If there is one distinctive quality that sets apart the American conservative movement from its counterparts in other democratic polities, it is a refusal to think about domestic economic questions in measured terms. Conservatives don’t differ from liberals in the weight or scale of their preferences, wishing to have less of this or more of that; they reject higher taxes and domestic spending everywhere and always.
Indeed, they tend to greet any new effort to expand government not as a political negotiation, but as an existential threat to liberty. The New Deal was communistic, the enactment of Medicare a twilight struggle to preserve the dying embers of American freedom, Bill Clinton’s upper-bracket tax hike a terrifying exercise in class warfare, Obamacare a socialist plot.
And while conservatives have generated little in the way of popular disaffection with the Biden administration’s proposals, its intelligentsia has followed the historical pattern.
Biden’s plan contains a wide array of discrete proposals: subsidies for child care, community college, child tax credits, health insurance for people whose governors refused Medicaid expansion, and so on. It is accordingly financed by an array of measures ranging from letting the government negotiate prices on Medicare drugs to raising corporate taxes and closing loopholes for wealthy heirs.
A pragmatic right-of-center party could negotiate a plan like this, picking and choosing which menu items it can accept and which it cannot. (In the United Kingdom at this very moment, Boris Johnson is currently pushing through a major tax increase.) One could imagine an American conservative party amenable to at least some of these things. Letting Medicare bargain with big pharma would, after all, allow the federal government to spend less money. Maybe conservatives don’t like subsidized child care, but perhaps if the subsidies were to include stay-at-home parents, they might see the value of subsidizing work?
But instead, the reality is that conservatives regard every one of these proposals as categorically verboten. Because conservative thought treats any expansion of the welfare state as a disastrous and irreversible slide, catastrophism becomes a kind of reflex. Dan McLaughlin casually suggests the defeat of Biden’s bill would “save America from ruin.” Charles C.W. Cooke cannot understand why people haven’t taken to the streets en masse to stop a plan that “would be nothing short of a catastrophe.”
One fascinating aspect of this habit is that conservatives never reconsider their previous predictions. They continue to revere Ronald Reagan’s diatribe against the establishment of Medicare, yet rarely seem to ask themselves whether it was actually true that, as Reagan foresaw, subsidizing medical care for the elderly would automatically lead to the government telling doctors where they must live and what sort of medicine they could practice.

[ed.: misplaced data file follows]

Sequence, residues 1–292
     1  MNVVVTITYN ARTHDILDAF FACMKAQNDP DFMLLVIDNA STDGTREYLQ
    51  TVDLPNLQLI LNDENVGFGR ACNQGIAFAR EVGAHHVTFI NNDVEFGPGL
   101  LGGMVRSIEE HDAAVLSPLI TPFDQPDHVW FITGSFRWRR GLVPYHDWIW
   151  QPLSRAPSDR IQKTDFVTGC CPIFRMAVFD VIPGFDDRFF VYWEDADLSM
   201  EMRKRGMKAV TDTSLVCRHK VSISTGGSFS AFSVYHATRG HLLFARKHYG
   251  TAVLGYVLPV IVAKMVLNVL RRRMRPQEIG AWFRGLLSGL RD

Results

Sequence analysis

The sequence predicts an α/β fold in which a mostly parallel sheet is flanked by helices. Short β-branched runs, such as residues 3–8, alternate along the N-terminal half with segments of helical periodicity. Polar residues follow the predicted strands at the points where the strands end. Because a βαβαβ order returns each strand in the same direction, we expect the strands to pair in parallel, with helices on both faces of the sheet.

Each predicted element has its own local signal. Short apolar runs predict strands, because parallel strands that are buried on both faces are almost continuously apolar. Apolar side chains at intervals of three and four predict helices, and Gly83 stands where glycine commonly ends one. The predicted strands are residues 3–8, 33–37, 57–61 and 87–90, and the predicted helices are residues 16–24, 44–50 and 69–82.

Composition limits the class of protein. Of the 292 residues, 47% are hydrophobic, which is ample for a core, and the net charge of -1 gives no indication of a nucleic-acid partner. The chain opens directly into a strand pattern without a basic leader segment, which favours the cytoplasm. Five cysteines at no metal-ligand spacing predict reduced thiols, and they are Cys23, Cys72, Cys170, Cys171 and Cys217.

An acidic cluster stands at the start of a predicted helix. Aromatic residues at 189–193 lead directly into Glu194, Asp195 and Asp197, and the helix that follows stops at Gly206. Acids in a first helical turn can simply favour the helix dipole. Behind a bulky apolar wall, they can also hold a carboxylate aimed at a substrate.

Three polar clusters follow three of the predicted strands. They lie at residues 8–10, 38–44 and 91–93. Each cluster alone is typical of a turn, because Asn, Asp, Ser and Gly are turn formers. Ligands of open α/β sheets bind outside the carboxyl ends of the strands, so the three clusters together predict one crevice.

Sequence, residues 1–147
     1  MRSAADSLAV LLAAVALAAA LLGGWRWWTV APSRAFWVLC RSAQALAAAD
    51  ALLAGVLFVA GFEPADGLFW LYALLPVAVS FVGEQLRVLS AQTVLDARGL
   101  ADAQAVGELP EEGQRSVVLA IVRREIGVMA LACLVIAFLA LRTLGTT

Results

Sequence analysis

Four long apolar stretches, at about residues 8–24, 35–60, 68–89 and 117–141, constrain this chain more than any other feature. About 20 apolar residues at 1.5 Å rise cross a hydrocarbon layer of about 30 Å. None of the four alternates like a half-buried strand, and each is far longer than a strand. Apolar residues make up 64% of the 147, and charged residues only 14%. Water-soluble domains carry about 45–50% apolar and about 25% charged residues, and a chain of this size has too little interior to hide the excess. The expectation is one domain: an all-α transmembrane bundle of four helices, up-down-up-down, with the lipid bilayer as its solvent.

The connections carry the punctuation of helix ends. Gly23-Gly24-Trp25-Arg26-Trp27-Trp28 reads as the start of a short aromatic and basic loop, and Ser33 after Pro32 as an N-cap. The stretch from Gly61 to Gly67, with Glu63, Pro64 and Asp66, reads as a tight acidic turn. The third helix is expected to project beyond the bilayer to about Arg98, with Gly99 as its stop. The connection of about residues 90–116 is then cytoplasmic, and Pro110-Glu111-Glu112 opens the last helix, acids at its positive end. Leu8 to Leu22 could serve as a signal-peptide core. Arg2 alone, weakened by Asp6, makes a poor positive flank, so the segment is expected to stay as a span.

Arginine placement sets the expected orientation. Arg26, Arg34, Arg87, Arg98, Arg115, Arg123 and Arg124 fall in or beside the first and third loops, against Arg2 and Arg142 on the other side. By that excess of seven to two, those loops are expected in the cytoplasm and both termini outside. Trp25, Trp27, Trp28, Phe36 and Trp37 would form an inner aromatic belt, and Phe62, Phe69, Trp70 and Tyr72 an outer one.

The failure of the catastrophe to occur simply moves back its date. It is always the next step in the welfare state that will usher in the final demise of liberty.
Often, the conservative rhetoric contains an implicit recognition that liberals of the past may have been tolerable, but now they are finally and irrevocably plunging into the abyss. Daniel Henninger’s Wall Street Journal column offers a useful specimen. The headline, “Joe Biden (D., Socialist)” — if you put aside its odd belief that “Socialist” is a location — captures the premise. “‘State control of the means of production’ means different things to different people, but I’d say [Biden’s program] qualifies as socialism in America,” he argues. “Traditional Democrats wanted to ‘tame’ the economy. Bidenism is replacing it.”
The plan Biden is advocating would spend $3.5 trillion over a decade, which amounts to about one percent of gross domestic product over that time. He is ultimately likely to sign into law a package somewhere around half as big. A program of that scale can effect a lot of change, but it does not represent some mystical demarcation between capitalism and socialism.
Conservatives often lament that their party has detoured from the path of pure anti-government ideology. And while it has to some extent, Donald Trump has drawn from a tradition of apocalypticism that is deeply rooted in orthodox conservative-movement thinking. Trump’s deepest appeal was his claim that the party has been losing for decades, and would now finally win. Conservative Republicans have experienced the last eight decades as a long trudge down the road to serfdom. It is only logical that they finally handed the controls to a leader who promised an uncompromising battle to smash their enemies before they are themselves destroyed.